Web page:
• Posted September 7, 2013

    It is an apocalyptic tale set in southern U.S. After torrential

    It is an apocalyptic tale set in southern U.S. After torrential rains and no end in sight the southern states were abandoned by the government. The people were told to leave and if not would be left to their own defense. The characters are fully developed showing love, vulnerabilities, frailties, and evil. The reader is pulled into their lives and want them to live, survive and grow. The beginning was a little hard to follow but then flowed smoothly. Mr. Smith did an excellent job ov weaving the past with the present showing how Cohen deals with his grief and loss. Cohen is turning this loss into a new beginning. I really liked this book and it was hard to put down

    9 out of 10 people found this review helpful.

    Was this review helpful? Yes  No   Report this review
  • Anonymous

    Posted September 10, 2013

    I get the feeling this is going to be a serious contender for no

    I get the feeling this is going to be a serious contender for novel of the year. It's fascinating and frighteningly realistic.

    8 out of 8 people found this review helpful.

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  • Anonymous

    Posted January 19, 2014

    Great read

    I could not put this book down. It was suspenceful, different but believable, never dull, and I loved the main characters. Look forward to reading more from this author.

    5 out of 5 people found this review helpful.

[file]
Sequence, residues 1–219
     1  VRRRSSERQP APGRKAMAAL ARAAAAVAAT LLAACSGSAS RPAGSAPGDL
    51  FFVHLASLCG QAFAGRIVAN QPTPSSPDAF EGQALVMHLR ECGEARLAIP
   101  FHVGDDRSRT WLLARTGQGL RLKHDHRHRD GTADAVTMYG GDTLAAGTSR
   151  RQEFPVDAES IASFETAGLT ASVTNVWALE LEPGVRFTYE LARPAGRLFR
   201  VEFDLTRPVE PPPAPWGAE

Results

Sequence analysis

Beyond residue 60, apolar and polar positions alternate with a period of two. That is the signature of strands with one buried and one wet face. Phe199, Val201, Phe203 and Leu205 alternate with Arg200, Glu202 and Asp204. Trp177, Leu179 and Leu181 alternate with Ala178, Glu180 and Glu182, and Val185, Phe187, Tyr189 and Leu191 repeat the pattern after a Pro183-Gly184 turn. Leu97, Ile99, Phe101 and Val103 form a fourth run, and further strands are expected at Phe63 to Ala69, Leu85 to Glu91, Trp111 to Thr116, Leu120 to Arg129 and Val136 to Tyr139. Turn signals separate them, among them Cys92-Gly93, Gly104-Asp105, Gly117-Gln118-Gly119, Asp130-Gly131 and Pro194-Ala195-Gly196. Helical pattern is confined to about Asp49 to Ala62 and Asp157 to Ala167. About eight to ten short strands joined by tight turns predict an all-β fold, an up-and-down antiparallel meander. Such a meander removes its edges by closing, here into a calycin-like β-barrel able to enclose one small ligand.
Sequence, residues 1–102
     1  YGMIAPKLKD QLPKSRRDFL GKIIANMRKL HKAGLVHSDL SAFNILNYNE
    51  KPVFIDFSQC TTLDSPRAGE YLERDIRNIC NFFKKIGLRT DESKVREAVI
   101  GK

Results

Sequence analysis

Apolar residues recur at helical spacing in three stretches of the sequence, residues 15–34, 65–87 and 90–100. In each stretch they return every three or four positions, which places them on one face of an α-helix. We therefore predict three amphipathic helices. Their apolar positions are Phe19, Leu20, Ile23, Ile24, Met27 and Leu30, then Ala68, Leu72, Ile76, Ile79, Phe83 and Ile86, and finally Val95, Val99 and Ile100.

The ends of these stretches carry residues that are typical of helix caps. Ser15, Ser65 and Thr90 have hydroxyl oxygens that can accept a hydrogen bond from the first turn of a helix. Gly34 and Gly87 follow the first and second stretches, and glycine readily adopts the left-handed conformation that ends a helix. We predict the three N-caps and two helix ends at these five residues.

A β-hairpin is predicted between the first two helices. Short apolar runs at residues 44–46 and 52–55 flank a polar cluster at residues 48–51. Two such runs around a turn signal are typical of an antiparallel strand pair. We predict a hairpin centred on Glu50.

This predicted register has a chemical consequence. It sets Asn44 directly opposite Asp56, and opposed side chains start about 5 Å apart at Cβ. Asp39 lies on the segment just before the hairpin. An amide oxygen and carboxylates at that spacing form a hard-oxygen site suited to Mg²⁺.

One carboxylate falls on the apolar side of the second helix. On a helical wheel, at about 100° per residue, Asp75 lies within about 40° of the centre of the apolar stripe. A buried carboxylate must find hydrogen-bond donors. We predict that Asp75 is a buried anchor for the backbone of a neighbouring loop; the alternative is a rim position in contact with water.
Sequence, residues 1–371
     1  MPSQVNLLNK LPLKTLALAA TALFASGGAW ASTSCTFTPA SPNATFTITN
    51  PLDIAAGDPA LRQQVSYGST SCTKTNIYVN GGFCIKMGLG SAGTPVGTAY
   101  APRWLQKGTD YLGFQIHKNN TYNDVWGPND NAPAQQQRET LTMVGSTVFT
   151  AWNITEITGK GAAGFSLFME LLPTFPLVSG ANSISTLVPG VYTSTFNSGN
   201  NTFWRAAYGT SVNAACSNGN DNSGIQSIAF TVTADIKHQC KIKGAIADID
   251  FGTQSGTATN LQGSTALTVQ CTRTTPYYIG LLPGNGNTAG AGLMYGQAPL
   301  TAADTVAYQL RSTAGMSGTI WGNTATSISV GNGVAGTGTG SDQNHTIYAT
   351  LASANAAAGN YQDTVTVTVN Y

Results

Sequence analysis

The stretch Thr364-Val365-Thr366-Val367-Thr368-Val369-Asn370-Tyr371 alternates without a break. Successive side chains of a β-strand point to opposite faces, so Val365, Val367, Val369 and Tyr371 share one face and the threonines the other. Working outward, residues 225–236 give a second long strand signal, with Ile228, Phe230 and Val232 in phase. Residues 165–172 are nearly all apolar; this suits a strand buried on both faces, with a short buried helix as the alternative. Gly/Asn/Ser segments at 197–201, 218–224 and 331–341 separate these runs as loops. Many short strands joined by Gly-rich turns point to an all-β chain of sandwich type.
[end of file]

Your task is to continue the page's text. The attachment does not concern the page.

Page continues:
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  • Posted January 10, 2014

    Cohen, a man haunted by his past, lives below the Line, an area

    Cohen, a man haunted by his past, lives below the Line, an area where American citizens will not receive any form government aid. The Gulf Coast area has faced unrelenting storms and has suffered widespread devastation and those who choose to stay below the Line, like Cohen, do so at their own risk in a now lawless land. 

    Cohen chose to stay behind because he couldn't stand to abandon his home especially after suffering the loss of his wife and unborn child, but staying behind means risking the constant exposure to unbelievably violent storms and dangerous mercenaries. Then, one day he is attacked, his home is ransacked, and his supplies stolen. The only thing left for him is to try and make a life for himself above the Line and avenge his losses along the way.

    Lyrical prose, excellent storytelling, complex and relatable characters. Sure, it's no doubt a depressing future, but Smith has a beautiful way with words. I will be keeping my eyes on his career in the future! If you like The Road by Cormac McCarthy or the film Beasts of the Southern Wild, you may very well enjoy Rivers by Michael Farris Smith.

    *I received a free copy of this book through the Goodreads First Reads program. Thanks for randomly drawing my entry!*

    5 out of 6 people found this review helpful.

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  • Anonymous

    Posted January 25, 2014

    Excellent read.

    This is probably one of the best novels i have ever read. It is a mind-boggling, epic writing that cannot help but draw you in to every moment of this tragic event he is writing about. It depicts how strong the human instinct is to survive at all costs. I had a hard time putting this book down. You get to know each and every character. Sad yet happy. I want to read more of his. You will not forget this book.

    4 out of 5 people found this review helpful.

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  • Anonymous

    Posted January 28, 2014

    Loved this Book!

    This story was So riveting! I highly recommend it to anyone who is fascinated by what life would be like after natural disasters. I am going to tell several friends to check it out.
    Terrific story by a terrific author!

    2 out of 2 people found this review helpful.

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  • Anonymous

    Posted October 2, 2013

    Great Read! The Road meets Manson. A true page turner.

    Great Read! The Road meets Manson. A true page turner.

    2 out of 4 people found this review helpful.